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  •  But the 10th amendment (0+ / 0-)

    doesn't actually say what you claim that it says. Nowhere is the word "specifically", "expressly" or "explicitely" or one similar to them in it, which destroys the enumerated powers interpretation. The idea that the constitution limited federal powers to only the ones literally mentioned in it is simply absurd, and I never understood people who claim otherwise. It would have been a dead letter had it been so constricted.

    Are you saying that the National Banks, Railroad Act, Homestead Act, Federal Reserve, Social Security, Air Force, Interstate Highway System, etc., are all unconstitutional? Never mind the insanity of each state building its own equivalent system and somehow coordinating it with the other states. The whole point of the constitution was to give the federal government enough powers to make it viable, which it wasn't under the Articles of Confederation. This was how the framers saw it at the time, as evidenced by their correspondence, diaries and other writings, and this is how SCOTUS has interpreted it over the centuries, e.g. McCullough v. Maryland. I.e. "Implied Powers".

    I'm not saying the the federal government has unlimited powers, or the power to regulate and involve itself with purely local matters. It does not. But in matters that clearly pertain to interstate commerce or national defense, it certainly has the power to do so, as per Article I, Section 8. And they're not just the powers specifically granted in it, e.g. creating an Army and Navy and maintaining the Post Roads, but ones that naturally derive from general powers stated in it, e.g. "common defense" and "general welfare". The framers didn't intend for the government's powers to be unlimited, but they also clearly didn't intend for the its powers to be limited to only those explicitely granted. Figuring out what the actual limits are, is the job of SCOTUS.

    It's one thing to claim that many of the government's powers represent bad policy. It's another thing entirely to claim that many of its powers are unconstitutional.

    Sorry, but Paul, Scalia, et al, are quite wrong on this.

    I do agree with his stance on our current wars and national security policy, though, on both policy and constitutional grounds. Unlike some of the policies that he views as unconstitutional, but which are not, e.g. Federal Reserve, Social Security, because they derive from government's general powers and are nowhere prohibited by the constitution, policies like warrantless wiretaps and indefinite detention are clearly unconstitutional, because they're prohibited by the constitution, e.g. 4th Amendment.

    But as for the 10th Amendment, if it really meant what you believe it meant, the US would not be a viable country, and would long ago have split along regional lines.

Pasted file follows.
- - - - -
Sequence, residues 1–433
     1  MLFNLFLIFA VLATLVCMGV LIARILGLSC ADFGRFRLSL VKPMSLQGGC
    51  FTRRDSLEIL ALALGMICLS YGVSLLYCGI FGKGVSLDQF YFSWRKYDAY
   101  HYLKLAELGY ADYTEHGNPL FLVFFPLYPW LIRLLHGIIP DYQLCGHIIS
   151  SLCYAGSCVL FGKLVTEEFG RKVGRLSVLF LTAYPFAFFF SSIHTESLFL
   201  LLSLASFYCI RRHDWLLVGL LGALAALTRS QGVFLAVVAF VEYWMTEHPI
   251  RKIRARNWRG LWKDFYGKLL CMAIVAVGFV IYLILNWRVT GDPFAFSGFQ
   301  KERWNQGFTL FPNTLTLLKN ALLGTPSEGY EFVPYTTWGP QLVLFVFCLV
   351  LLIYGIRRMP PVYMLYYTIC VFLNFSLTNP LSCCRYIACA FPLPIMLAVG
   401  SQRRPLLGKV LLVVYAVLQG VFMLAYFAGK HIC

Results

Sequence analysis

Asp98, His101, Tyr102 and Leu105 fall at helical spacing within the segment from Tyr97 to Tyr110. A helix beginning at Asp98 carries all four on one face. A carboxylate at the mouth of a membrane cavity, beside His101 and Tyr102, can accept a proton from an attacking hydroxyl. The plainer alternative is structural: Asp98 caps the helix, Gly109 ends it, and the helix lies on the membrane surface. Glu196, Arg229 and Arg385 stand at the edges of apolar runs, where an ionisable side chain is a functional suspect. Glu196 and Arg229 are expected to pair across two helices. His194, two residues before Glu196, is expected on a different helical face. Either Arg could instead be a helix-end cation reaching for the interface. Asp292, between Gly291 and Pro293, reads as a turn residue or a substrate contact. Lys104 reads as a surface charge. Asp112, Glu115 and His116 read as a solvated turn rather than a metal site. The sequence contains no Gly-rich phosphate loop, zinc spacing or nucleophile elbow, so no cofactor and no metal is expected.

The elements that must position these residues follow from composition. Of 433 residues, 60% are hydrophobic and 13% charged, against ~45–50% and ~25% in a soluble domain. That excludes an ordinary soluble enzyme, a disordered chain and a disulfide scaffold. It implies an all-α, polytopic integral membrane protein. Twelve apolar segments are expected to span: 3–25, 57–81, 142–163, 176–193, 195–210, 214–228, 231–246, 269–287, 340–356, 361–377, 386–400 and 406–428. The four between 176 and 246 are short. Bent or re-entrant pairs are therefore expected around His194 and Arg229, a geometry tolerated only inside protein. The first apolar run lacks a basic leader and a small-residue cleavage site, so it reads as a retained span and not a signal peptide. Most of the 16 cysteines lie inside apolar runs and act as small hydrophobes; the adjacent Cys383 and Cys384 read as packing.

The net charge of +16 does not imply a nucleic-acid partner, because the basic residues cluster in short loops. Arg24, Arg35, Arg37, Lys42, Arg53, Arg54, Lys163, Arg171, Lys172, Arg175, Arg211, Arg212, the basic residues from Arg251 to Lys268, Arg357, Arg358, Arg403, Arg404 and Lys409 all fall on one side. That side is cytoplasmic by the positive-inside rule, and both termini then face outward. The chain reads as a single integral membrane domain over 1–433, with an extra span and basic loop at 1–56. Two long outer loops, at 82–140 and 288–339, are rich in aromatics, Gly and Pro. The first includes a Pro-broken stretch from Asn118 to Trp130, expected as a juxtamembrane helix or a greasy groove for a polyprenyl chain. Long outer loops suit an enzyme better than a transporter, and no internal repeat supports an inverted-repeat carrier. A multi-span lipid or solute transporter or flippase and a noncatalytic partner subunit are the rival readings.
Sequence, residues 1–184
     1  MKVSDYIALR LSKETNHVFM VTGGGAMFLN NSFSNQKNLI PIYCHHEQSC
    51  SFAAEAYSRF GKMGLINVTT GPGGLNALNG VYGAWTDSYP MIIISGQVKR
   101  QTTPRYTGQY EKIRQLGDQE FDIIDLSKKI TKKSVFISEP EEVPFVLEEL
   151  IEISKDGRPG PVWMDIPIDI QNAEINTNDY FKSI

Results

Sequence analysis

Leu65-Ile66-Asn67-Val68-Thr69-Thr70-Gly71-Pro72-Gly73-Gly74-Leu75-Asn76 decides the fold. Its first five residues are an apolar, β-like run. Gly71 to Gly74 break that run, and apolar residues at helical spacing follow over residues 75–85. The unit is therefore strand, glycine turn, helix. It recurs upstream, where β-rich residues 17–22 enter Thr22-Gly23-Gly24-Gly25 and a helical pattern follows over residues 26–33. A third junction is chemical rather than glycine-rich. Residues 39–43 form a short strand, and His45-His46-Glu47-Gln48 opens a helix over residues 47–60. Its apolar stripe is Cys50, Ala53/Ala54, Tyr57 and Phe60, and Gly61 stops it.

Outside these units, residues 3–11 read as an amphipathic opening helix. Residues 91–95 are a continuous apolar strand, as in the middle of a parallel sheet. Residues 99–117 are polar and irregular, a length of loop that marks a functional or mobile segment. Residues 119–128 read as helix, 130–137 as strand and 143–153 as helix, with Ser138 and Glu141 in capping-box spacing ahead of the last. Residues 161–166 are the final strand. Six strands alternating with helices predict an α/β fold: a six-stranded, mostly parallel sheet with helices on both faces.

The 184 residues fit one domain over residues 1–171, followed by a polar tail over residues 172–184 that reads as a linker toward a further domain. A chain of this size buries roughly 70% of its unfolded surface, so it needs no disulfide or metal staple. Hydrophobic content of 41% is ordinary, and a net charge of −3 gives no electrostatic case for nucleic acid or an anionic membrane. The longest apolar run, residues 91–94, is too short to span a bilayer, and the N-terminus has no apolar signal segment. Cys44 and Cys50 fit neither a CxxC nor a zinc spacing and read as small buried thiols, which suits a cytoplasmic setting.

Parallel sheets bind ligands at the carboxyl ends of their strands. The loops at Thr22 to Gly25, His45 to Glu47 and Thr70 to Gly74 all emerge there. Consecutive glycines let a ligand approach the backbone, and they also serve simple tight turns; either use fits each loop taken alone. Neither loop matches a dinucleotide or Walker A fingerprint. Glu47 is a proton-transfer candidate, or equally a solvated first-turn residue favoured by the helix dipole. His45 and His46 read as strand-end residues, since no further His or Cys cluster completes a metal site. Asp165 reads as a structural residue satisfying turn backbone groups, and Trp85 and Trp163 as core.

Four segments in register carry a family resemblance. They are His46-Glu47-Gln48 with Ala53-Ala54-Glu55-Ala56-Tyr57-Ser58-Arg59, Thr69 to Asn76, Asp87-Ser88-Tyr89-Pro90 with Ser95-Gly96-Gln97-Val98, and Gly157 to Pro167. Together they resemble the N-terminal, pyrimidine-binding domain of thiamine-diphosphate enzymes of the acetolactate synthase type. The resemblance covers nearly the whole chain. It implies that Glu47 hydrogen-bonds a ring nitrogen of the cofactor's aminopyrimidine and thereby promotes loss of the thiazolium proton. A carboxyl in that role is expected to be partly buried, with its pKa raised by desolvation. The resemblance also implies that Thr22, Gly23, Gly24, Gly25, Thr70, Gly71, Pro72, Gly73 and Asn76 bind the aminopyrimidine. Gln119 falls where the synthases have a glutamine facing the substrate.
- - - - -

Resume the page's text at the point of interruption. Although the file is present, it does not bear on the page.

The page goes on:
"Those who stand for nothing fall for anything...Mankind are forever destined to be the dupes of bold & cunning imposture" --Alexander Hamilton

    by kovie on Tue Jul 06, 2010 at 06:13:46 AM PDT

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    •  It's a matter of how it's interpreted I guess. (1+ / 0-)
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      Thanks to the loopholes interpreted under the commerce clause apparently the Federal government has no limits.  If the Feds can bust sick people for growing a pot plant on their windowsill for personal use, in accordance with state law, then I guess the 10th amendment really is meaningless. Most of what the Federal government does these days is unconstitutional IMHO, it's just a piece of paper sitting in a museum in DC.

      "The more laws, the less justice."

      by Denverlibertarian on Tue Jul 06, 2010 at 06:46:02 AM PDT

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      •  Well I'll agree with you (0+ / 0-)

        that the constitution doesn't give the federal government essentially unlimited powers, both because its core granted powers don't imply or allow ANY power, and because its restrictions clearly limit the powers that it does have.

        E.g. the terrorist assassination program is clearly unconstitutional, because it lacks due process, not to mention seriously bad policy.

        Also, the so-called "originalists", "strict constructionists" and anti-activists on SCOTUS lost any credibility as such in rulings like Bush v. Gore, Lawrence v. Texas and Seattle Schools. They basically vote for or against any ruling based on intended outcomes, not consistent principles. There are very few federal judges today who are genuine 10th Amendment "originalists", and those who claim to be ones are usually liars.

        "Those who stand for nothing fall for anything...Mankind are forever destined to be the dupes of bold & cunning imposture" --Alexander Hamilton

        by kovie on Tue Jul 06, 2010 at 07:07:23 AM PDT

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